So the seeds were sown, and on June 8 Ms. Ros launched a business magazine with global distribution for and about women. "We're in a unique space," said Ms. Ros, who is the founder, controlling director, publisher and editor in chief of New York-based Shattered magazine and of London-based P&L Services. "I don't think there is anything we're up against,"
Microfinance loans healthy eating
Shattered debuted with Nicola Horlick, fund manager behind the Bramdean Asset Management and a new wealth management division for affluent women, Bramdiva, on the cover. Kathleen Kennedy Townsend guest-edited the issue, which includes pieces on intellectual property in China and a look at how microfinance loans are revolutionizing the fight against global poverty, as well as how to create a work-life balance and tips for healthy eating.
"We want to show that there is a lot more than the 50 most powerful women in business," Ms. Ros said. "We're also trying to report on business issues and open up areas such as banking and finance services for women operating in other fields [to] demystify the business world."
After the premiere issue, Shattered, which is targeted at upper-income professional women worldwide, will publish monthly starting in September. Each issue will focus on contributions of women to the business world and their successes, as well as networking opportunities worldwide. Features range from topics on banking and finance to science, technology, law, media and the arts. Lifestyle topics include fashion, travel and health.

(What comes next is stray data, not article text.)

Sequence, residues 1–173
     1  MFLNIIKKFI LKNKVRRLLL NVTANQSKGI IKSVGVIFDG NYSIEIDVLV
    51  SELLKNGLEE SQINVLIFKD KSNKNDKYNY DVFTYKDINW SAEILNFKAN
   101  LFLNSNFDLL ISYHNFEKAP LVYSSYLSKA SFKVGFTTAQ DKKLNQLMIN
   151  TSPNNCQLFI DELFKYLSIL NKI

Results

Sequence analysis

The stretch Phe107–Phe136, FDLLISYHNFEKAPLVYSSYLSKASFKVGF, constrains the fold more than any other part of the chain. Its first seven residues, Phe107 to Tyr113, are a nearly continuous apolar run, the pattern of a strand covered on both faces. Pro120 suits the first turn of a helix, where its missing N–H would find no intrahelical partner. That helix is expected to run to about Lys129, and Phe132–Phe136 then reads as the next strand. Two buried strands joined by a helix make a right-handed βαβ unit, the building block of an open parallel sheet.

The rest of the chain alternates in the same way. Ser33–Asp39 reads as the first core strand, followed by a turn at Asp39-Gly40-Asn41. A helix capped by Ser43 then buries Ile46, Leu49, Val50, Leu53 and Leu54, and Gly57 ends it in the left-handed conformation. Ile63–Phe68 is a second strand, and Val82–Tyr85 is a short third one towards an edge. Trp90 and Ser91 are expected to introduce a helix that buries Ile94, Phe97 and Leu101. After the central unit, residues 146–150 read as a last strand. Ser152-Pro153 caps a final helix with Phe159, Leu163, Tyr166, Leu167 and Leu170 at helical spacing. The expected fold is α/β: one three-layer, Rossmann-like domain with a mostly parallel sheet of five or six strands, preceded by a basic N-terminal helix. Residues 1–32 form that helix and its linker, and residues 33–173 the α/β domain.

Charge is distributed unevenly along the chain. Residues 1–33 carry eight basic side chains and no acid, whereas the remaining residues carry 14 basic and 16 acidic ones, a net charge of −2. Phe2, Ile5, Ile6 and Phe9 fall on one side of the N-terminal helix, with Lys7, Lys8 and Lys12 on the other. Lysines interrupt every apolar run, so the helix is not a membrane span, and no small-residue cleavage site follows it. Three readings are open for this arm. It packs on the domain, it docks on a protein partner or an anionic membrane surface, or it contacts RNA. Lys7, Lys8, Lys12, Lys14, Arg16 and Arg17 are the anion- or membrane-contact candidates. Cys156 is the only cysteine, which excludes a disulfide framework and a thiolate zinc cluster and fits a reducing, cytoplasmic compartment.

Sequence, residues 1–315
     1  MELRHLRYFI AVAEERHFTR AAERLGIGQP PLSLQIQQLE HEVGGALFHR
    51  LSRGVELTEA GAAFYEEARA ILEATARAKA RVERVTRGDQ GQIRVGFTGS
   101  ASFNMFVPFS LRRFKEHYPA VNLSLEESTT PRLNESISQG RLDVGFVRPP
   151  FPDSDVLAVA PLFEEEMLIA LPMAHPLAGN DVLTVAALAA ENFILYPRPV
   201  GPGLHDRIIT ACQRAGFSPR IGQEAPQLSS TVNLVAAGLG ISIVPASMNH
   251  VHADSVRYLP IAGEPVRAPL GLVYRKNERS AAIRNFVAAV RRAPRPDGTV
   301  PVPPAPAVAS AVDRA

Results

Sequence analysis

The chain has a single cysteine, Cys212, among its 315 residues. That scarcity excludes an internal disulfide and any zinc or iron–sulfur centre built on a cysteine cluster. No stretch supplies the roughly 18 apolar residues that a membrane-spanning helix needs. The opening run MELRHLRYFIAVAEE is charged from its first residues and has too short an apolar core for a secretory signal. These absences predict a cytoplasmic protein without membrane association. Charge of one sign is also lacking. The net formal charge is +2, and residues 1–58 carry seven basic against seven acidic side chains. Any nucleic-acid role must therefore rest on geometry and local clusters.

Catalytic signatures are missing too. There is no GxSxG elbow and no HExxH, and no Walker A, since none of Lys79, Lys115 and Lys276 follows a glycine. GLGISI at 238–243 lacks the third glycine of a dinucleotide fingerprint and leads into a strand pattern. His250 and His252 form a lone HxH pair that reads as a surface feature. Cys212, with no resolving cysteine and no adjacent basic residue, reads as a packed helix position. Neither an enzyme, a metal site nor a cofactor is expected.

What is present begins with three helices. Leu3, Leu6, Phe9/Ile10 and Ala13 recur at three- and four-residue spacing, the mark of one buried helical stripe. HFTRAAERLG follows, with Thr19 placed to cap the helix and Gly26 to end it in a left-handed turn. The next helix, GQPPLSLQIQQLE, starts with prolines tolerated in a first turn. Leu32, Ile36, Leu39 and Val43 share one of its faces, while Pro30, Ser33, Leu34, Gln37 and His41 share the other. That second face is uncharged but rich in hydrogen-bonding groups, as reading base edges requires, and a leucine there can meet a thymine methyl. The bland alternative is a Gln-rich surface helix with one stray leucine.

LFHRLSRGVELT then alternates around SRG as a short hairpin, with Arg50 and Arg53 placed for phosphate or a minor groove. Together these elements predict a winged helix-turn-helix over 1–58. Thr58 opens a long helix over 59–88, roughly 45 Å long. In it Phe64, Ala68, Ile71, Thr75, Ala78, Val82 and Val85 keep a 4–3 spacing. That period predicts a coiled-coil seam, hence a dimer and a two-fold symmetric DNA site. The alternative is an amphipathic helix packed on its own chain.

Readership of 75,000
Several charter advertisers, primarily financial services and luxury goods, and corporate partners, including Lehman Brothers and UBS, have signed on. Through a network that includes professional women's associations, investment banks and universities and business schools in the U.S. and abroad, the magazine debuted with a readership of 75,000. Ms. Ros hopes to get on newsstands next spring.
Shattered presents another attempt at the working-woman formula, a formula that becomes increasingly challenging as women turn to lifestyle magazines to get their business advice. Working Woman folded in 2001 after its 25th anniversary. The question for Shattered, asks Mark Edmiston, managing director of AdMedia Partners, is does it have legs?
"There's no question that women will pick it up," Mr. Edmiston said. "But will it sustain itself over time? It has to offer something women find uniquely compelling."
The question has always been if there is something women need that is not provided by the general press, Mr. Edmiston said.
Ms. Ros, for one, thinks there is.